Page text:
Affirmative Action Ruling Will Bring Back ‘Segregated’ Universities, MSNBC Guest Says


Nicole Silverio Media Reporter
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MSNBC guest and Princeton University professor Eddie Glaude said Thursday affirmative action being struck down will bring back “segregated” universities.

The Supreme Court ruled to block affirmative action in a Thursday decision, with Chief Justice John Roberts writing in the majority opinion the policy violates the 14th amendment. Glaude, an African American studies professor, said “elite institutions” will return to being a segregated space predominately filled with white and Asian people.

“We will return to elite institutions, more specifically being the space for a particular population, predominately white and Asian students. We will begin to see a kind of segregated higher education landscape, and the irony of course … and I’ve anticipated this decision, but to hear it, I’m still trying to manage my emotions. But this was just one remedy, affirmative action, the only remedy, to the legacy of discrimination in admissions in American higher education. Only one remedy, so here they’ve taken it away.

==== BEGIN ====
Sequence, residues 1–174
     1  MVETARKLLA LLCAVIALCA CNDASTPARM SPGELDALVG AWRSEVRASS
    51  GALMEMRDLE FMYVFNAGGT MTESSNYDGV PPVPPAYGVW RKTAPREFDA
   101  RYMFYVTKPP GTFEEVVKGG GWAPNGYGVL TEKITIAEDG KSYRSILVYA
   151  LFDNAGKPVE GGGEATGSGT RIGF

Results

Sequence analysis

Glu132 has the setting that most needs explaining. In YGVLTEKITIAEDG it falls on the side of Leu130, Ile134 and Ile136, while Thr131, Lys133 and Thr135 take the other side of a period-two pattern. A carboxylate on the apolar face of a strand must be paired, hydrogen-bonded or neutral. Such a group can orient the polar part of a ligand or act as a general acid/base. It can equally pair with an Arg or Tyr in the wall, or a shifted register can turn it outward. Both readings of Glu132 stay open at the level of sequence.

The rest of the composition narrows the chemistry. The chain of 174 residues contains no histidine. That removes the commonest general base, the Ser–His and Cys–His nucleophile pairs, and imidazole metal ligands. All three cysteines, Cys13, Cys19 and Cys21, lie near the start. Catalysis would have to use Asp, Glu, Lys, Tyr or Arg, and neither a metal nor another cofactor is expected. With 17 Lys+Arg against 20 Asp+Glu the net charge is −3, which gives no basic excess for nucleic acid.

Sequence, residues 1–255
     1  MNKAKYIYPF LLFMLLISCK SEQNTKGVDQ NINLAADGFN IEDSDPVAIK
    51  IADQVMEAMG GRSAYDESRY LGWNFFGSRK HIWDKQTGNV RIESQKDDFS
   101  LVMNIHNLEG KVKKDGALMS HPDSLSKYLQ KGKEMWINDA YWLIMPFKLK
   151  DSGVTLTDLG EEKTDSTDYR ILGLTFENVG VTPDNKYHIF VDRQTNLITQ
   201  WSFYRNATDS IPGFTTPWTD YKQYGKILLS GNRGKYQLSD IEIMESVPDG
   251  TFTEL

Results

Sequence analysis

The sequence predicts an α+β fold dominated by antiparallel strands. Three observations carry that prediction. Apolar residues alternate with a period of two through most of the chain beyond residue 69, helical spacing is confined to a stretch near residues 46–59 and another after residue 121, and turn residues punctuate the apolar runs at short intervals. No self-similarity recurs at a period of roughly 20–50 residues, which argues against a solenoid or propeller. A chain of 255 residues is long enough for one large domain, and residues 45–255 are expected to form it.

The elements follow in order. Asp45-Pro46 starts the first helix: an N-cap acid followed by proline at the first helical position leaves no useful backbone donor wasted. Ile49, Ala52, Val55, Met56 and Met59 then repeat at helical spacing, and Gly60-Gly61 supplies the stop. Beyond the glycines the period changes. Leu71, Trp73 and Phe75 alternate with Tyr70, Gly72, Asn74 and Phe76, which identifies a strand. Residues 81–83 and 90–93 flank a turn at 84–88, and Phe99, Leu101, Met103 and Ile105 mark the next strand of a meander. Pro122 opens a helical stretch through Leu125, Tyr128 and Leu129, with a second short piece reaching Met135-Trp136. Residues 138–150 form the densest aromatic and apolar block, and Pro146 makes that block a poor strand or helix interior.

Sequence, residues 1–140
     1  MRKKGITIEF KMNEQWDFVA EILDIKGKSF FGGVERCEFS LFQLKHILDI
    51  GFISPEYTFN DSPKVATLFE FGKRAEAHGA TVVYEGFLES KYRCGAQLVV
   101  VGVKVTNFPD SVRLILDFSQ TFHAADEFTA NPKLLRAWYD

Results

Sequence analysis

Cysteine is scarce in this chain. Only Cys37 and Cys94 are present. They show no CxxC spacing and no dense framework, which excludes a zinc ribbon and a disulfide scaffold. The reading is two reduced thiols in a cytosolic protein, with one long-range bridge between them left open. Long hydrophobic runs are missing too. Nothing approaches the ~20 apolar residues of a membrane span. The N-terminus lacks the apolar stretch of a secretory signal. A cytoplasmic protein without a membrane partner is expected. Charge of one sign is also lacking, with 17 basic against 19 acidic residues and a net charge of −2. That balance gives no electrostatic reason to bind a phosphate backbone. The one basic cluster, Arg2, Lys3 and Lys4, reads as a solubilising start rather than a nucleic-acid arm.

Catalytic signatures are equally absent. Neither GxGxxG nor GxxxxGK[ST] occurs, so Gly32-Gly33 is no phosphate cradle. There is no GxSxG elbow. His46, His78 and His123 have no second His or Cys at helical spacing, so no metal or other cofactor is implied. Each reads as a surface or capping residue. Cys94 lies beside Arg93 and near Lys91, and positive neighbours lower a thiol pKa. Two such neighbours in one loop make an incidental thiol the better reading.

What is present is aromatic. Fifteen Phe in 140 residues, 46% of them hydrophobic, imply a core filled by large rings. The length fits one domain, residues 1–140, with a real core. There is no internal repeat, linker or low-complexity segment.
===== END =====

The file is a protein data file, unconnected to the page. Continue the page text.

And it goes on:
“So where we find ourselves, we’re gonna go back to those classes where you have one, two, three. We’re already having a small percentage of black and brown students in elite institutions. That percentage will get even smaller,” he continued.

The Court considered the case brought forth by students alleging Harvard University and the University of North Carolina at Chapel Hill discriminated against white and Asian students through affirmative action policies. An 18-year-old Asian student named Jon Wang told Fox News affirmative action policies prevented him from being admitted into the nation’s top-tier schools, despite his exceptionally high SAT score. (RELATED: ‘They’re Being Punished For Hard Work’: Leo Terrell Sounds Off Affirmative Action)

Ivy League schools including Harvard and Columbia University have held segregated commencements for students based on race. In 2021, Columbia held six graduation ceremonies divided by race and economic status.

Some schools, including Washington University, established racially segregated dormitories for minority students. Students at Princeton University released a solidarity statement in 2017 demanding racially segregated dorms on campus.